Towards a UN Declaration on the Rights of Peasants

The 19th of November 2018 marked an important step forward towards an instrument protecting rural people and their livelihoods: in a rather overwhelming vote of 119 in favour, 49 against and 7 abstentions the Third Committee (Social, Humanitarian, Cultural) of the UN General Assembly adopted Resolution A/C.3/73/L.30 which endorses the draft of the UN Declaration on the Rights of Peasants and Other People Working in Rural Areas (UNROP). Detailed results can be found here.

The initiative to start the process dates back already more than 10 years and was spearheaded by La Via Campesina, a “movement bringing together millions of peasants, small and medium size farmers, landless people, rural women and youth, indigenous people, migrants and agricultural workers from around the world.” The motivation for the UNROP stems from the increasing pressure that rural people have to face in light of malnutrition and poverty, climate change, forced replacement and disproportionally elevated other social problems. With the adoption in the Third Committee, the path is now paved for a formal adoption by the General Assembly during its next meeting.

As per article 1 of the UNROP, the ‘peasants and other people working in rural areas are defined as’:

[a]ny person who engages or who seeks to engage alone, or in association with others or as a community, in small-scale agricultural production for subsistence and/or for the market, and who relies significantly, though not necessarily exclusively, on family or household labour  and other non-monetized ways of organizing labour, and who has a special  dependency on and attachment to the land.

Moreover, the article stresses that the rights enshrined in the Declaration apply to dependants of peasants, indigenous and local communities as well as hired and seasonal workers, including migrants irrespective of their migratory status.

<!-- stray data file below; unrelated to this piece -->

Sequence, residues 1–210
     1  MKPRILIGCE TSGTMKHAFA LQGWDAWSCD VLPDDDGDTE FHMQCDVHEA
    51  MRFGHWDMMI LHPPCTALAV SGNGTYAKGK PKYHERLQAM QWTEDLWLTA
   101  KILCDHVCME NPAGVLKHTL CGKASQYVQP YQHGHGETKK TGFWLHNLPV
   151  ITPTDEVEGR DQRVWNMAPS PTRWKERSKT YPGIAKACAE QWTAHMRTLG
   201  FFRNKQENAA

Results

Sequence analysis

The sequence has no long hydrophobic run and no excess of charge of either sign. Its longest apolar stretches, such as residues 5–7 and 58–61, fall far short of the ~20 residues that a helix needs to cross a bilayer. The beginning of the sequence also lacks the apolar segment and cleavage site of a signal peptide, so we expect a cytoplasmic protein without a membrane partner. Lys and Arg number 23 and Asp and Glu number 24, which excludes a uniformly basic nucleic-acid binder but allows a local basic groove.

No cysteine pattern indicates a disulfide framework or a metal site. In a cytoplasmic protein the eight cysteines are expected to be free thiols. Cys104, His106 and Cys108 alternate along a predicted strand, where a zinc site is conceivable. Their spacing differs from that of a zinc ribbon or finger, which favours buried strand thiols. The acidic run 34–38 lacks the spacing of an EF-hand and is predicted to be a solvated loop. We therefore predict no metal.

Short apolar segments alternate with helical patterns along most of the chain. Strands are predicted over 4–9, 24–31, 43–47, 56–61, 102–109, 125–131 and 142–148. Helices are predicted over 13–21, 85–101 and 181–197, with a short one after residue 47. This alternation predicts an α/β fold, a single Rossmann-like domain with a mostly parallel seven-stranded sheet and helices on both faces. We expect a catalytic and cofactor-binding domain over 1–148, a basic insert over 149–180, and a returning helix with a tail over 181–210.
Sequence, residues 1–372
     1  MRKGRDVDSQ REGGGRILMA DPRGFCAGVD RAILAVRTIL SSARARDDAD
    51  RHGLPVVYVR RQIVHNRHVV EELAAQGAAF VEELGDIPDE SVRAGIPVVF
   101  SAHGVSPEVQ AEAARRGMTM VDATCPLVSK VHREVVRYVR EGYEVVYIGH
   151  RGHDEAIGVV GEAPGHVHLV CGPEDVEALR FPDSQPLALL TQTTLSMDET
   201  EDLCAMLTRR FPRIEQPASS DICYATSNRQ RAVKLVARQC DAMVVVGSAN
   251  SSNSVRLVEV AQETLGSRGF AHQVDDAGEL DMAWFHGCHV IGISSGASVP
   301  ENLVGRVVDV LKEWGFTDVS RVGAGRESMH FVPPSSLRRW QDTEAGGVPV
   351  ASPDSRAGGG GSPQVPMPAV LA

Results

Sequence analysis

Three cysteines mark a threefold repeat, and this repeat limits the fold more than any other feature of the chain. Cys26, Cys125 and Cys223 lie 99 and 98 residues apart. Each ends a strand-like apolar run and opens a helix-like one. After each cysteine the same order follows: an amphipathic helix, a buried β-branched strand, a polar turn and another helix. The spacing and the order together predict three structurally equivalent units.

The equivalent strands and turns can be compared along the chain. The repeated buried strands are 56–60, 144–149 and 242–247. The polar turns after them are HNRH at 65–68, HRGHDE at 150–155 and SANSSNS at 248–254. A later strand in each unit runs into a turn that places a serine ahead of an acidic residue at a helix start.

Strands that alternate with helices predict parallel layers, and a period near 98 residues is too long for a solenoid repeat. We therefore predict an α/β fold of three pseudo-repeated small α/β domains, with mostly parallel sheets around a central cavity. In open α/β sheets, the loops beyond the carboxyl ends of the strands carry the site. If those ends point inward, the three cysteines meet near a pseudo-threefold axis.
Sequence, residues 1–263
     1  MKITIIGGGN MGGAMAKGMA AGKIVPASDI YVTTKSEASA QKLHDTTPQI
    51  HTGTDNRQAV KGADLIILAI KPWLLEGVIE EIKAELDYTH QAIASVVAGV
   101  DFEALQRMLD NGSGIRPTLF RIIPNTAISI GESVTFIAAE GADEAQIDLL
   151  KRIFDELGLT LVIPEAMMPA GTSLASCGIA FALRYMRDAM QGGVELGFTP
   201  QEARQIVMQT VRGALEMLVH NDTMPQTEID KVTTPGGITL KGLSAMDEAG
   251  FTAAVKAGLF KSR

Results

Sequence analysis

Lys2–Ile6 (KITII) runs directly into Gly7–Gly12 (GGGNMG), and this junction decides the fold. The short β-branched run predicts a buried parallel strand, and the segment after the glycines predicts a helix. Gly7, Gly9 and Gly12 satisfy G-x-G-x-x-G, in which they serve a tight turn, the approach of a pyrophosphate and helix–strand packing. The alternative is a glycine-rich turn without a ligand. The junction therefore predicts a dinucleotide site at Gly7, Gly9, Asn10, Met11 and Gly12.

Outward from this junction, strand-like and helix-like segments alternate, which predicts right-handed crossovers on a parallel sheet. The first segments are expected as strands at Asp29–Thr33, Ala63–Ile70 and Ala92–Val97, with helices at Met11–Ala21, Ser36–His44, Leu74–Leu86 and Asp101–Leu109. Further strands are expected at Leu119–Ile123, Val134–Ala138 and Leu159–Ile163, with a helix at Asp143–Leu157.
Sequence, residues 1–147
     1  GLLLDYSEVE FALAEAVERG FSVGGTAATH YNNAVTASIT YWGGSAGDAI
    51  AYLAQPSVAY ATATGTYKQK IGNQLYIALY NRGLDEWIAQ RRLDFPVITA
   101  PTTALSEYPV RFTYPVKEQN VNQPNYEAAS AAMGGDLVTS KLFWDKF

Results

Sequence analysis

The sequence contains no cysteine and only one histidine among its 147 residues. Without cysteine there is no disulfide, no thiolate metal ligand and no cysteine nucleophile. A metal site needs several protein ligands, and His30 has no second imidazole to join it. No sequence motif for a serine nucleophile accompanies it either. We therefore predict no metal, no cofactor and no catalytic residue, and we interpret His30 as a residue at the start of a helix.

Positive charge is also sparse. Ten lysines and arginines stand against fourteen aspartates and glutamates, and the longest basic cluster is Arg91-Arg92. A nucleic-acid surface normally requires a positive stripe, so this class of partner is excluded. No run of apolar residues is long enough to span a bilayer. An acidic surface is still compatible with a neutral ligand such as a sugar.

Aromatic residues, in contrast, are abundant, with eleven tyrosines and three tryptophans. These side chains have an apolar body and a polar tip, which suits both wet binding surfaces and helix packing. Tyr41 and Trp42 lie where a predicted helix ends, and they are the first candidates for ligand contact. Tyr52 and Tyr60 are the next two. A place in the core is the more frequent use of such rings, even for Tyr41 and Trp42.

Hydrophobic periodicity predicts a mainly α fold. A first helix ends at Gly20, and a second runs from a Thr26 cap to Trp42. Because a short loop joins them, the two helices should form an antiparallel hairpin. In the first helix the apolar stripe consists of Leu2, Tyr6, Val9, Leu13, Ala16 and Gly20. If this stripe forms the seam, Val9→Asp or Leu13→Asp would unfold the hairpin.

The present draft Declaration, which as such would be legally non-binding, encompasses 28 articles which contain fundamental human rights that can also be found in legally binding and widely ratified human and labour rights instruments. Moreover, the Declaration explicitly references the UN Declaration on the Rights of Indigenous Peoples – an instrument that has found wide endorsement amongst UN member states. To this end, the right to life; to assembly; to access to justice; to land; to housing; to adequate food; the right to a healthy environment; or the right to culture form central elements of the UNROP.

One specific right, however, should be emphasised: Article 19 establishes the right to seeds. This is an entirely new right and cannot be found in other human rights instruments. Along with the right to seeds goes the right to plant genetic resources and the right to the protection of associated traditional knowledge. This right stems from the Nagoya Protocol to the Convention on Biological Diversity and now finds application within a human rights instrument. Moreover, however, this right is linked to intellectual property laws which are to “respect and take into account the rights, needs and realities of peasants and other people working in rural areas” (article 19.8).

Apart from the broader human rights tenet of the UNROP, a central role of its provisions plays the rights of women. After the aims and scope of the declaration (article 1), general state obligations (article 2) and the rights to enjoy fundamental human rights (article 3), in 10 sub-articles article 4 outlines exclusive rights of women, including the right to equal access, self-help initiatives and freedom from violence. This early occurrence within the text indicates that women are normatively considered a central subject of the Declaration. Other declarations, such as the UN Declaration on the Rights of Indigenous Peoples (UNDRIP), do not place such emphasis on women’s rights: UNDRIP, for instance, refers to general women’s rights only in articles 21 and 22.

Whether the UNROP will be adopted remains to be seen. The European Union member states are divided on the text, particularly due to the establishment of new rights. Also the United States does not support the Declaration. It is particularly developing countries which will push for its adoption.

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